The half-backs were good, I thought, though, in Trevor Howley’s absence, that channel through the middle seemed open for business again today, with many of Sligo’s first half attacks coming via that route. David Heaney did plenty of good work but he’s not the stone wall that Howley can be and he can also be maddeningly slow in releasing possession. Sligo’s first goal chance came from a poor Heaney pass which got turned over rapidly. That said, he has a good track record on Joyce and he’s certain to start on him on July 13th. Tom Cunniffe had a great match, I thought – he’s well able to put himself about and he defended and attacked with plenty of vigor. He was one of our top performers today. On the other wing, Jimmy Nallen did just fine, which just goes to show that Johnno knows more about picking his starting fifteen than I do.
Ronan laboured at midfield and, after getting stupidly booked early on, he struggled to impose himself on the proceedings. It was a little surprising that someone like Seamus O’Shea wasn’t given a run-out instead of him in the second half. In contrast, Tom Parsons was superb – he made a number of searing runs into the heart of the Sligo defence, one of which led to Trevor’s goal and another to Killer’s, he fetched some lovely ball and his two points at either end of the game bookended our scoring.
In the half-forwards, Peadar never got going and looked for all the world like a half-back playing at half-forward. He eventually gave way to Aidan Kilcoyne fifteen minutes into the second half and Killer’s goal showed immediately that our attack had a fresh potency. Peadar will be lucky to keep his place for the final. Pat Harte did okay, I thought, even if centre-forward isn’t his natural position. He got a point as well as the penalty goal, but he was fortunate enough with the spot-kick as he blasted it down the middle and had the Sligo goalie stood his ground, he’d have easily saved it. If Alan Dillon is fit the next day, I say he’ll be back on the forty with Harte at no.10. Trevor had a fine match on the other wing. A huge amount of ball went through him, he gave the pass to Conor for the penalty and he reacted quickly to bag that opportunistic goal just after the restart. It was Trevor’s best performance for us since he was in top form back in 2004.
Conor was in fine form too, scoring five points all of which were from play. They were all typical Conor efforts, with economy of movement and efficient execution. He missed a few frees in the first half and the way he swung at those suggested strongly that his injury hadn’t fully cleared up but Bannon gave us so few frees during the game that he never got one within his range after that. Austie was quieter than he perhaps should have been but the two points he did get were vintage Austie ones. Andy Moran, surprisingly, had a total stinker. He won hardly any ball and seemed to come off second best every time and the only surprise was that he wasn’t taken off sooner than he eventually was.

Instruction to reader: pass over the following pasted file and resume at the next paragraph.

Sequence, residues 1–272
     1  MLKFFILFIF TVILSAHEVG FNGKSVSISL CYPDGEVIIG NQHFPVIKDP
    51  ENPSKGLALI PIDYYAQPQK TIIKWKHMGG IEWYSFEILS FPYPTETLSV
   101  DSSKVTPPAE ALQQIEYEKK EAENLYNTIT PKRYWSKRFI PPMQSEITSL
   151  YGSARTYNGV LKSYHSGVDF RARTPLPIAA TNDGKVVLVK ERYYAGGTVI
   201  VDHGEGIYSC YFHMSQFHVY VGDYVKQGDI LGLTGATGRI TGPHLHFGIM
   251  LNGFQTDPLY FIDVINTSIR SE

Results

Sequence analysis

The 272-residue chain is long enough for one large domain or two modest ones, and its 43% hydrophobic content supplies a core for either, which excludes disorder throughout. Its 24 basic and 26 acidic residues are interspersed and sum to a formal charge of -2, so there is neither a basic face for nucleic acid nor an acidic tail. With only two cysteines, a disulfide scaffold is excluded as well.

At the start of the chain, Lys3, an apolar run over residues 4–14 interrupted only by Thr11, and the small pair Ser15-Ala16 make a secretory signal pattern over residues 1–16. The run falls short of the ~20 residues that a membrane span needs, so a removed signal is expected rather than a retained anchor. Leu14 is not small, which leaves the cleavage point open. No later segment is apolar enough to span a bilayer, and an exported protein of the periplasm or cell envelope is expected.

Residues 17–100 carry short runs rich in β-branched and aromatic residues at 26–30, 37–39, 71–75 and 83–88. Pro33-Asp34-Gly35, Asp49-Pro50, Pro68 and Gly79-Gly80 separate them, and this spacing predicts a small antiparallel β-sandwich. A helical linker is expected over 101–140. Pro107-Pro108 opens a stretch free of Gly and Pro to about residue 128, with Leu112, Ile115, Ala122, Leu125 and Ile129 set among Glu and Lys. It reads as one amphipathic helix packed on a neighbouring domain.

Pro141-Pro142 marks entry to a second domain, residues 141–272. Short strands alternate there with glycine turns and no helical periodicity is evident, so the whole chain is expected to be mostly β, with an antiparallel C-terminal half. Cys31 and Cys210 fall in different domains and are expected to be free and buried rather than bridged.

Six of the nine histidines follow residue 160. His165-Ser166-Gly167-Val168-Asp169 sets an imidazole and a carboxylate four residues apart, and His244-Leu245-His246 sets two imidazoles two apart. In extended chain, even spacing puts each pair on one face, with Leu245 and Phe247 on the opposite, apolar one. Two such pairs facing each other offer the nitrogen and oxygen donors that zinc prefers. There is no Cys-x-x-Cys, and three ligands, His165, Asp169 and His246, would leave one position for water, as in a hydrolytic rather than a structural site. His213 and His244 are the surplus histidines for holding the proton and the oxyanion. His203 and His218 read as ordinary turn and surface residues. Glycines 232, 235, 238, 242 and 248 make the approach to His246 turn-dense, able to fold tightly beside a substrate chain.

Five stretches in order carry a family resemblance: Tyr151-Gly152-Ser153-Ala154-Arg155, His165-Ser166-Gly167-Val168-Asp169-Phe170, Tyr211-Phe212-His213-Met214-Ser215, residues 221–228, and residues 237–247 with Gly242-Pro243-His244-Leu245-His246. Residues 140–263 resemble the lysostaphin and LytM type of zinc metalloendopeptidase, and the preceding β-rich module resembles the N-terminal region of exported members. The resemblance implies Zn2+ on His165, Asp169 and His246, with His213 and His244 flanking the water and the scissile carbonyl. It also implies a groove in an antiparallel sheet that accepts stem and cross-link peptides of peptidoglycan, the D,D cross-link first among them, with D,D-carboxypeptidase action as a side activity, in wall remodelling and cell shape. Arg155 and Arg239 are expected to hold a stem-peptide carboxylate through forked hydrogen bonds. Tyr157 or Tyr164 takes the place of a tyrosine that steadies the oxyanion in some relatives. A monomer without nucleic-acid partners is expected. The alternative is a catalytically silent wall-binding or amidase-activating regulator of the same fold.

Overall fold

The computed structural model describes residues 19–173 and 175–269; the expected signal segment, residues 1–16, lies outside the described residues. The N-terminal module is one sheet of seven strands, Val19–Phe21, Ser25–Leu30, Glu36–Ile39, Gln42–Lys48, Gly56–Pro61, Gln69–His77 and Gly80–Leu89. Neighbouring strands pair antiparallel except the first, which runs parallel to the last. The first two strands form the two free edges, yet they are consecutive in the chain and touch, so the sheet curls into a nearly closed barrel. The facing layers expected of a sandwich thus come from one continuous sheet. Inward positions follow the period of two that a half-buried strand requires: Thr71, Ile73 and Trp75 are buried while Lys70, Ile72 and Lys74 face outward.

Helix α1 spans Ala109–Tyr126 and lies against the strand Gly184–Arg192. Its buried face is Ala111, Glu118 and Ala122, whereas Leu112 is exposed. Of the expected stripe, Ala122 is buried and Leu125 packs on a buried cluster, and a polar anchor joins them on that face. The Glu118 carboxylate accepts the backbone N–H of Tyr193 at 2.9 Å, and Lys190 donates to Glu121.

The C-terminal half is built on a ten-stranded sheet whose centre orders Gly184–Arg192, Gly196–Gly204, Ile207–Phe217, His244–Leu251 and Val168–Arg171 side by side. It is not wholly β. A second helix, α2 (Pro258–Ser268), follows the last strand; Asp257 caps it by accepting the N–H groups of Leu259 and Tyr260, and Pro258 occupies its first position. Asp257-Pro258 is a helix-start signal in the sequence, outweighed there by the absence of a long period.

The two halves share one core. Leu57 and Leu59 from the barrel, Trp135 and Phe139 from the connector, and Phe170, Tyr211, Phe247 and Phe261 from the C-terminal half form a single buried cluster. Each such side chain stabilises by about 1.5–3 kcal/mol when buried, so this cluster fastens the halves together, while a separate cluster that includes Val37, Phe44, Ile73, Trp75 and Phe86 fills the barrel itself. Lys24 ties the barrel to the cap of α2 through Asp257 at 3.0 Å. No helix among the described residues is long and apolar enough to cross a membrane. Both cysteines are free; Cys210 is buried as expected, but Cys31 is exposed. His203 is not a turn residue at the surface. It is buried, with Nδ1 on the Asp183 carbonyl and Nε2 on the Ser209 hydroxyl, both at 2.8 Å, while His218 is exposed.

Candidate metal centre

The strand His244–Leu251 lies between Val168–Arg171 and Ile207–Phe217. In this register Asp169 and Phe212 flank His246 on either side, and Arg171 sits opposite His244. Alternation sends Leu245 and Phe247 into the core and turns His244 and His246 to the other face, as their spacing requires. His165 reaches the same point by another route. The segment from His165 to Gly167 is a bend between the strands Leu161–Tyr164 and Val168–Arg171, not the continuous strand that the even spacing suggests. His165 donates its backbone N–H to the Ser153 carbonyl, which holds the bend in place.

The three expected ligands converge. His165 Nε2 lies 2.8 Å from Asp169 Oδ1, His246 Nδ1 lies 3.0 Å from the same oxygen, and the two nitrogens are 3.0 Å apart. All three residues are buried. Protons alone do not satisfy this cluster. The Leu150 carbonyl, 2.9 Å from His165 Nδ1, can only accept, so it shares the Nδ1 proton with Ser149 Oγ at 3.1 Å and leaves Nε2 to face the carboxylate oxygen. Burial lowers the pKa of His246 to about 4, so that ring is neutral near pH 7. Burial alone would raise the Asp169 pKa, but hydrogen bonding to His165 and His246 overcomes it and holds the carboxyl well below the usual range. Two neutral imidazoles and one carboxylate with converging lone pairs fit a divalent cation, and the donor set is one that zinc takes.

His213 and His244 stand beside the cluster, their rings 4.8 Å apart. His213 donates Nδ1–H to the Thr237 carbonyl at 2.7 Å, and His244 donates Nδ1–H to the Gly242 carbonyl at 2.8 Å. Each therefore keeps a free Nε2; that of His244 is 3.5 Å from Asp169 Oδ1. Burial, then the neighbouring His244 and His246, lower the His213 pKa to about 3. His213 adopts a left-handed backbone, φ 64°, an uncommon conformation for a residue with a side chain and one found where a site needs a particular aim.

Killer scored 1-1 in that second half cameo of his and will now be pressing strongly for a starting place in the final. If Andy’s place is now in doubt then we could do a lot worse than Killer in that corner. It was good to see BJ come on, though it was slightly bizarre to see this spring’s full-back come on at full-forward. He’s nothing if not versatile.
I can’t finish up without commenting on John Bannon’s performance. He was absolutely appalling, giving Sligo every possible break (except the penalty which replays on The Sunday Game suggested he got wrong) and he even booked Tom Parsons for executing a perfectly legal shoulder charge. I sincerely hope that’s the last we’ve seen of that portly eejit for a while.
And that’s it. I’m off on my hols at the end of next week and when the holiday was being booked some months back, there was quite a bit of discussion in Chez WJ about the dates for same. My red line in these particular discussions was that I needed to be back in the jurisdiction prior to July 13th and so we’re due to land back in Dublin airport around midnight on the Twalfth. Needless to say, there would have been some mirth at my expense in these parts had we failed to reach the final but it was obvious from very early on today that this was never going to be in doubt.
MAYO: David Clarke; Colm Boyle, Kieran Conroy, Keith Higgins; Tom Cunniffe, David Heaney, James Nallen; Ronan McGarritty, Tom Parsons (0-2); Peadar Gardiner, Pat Harte (1-1, goal from a penalty), Trevor Mortimor (1-0); Conor Mortimor (0-5), Austin O’Malley (0-2), Andy Moran. Subs: Aidan Kilcoyne (1-1) for Gardiner, BJ Padden (for O’Malley), Mickey Mullins for Trevor Mortimor, Mark Ronaldson for Conor Mortimor.
PS: For some reason, the technical explanation for which is beyond me, all of the photos and video clips I took today have disappeared from the memory card on my camera, hence why it’s all words and no pictures on this occasion.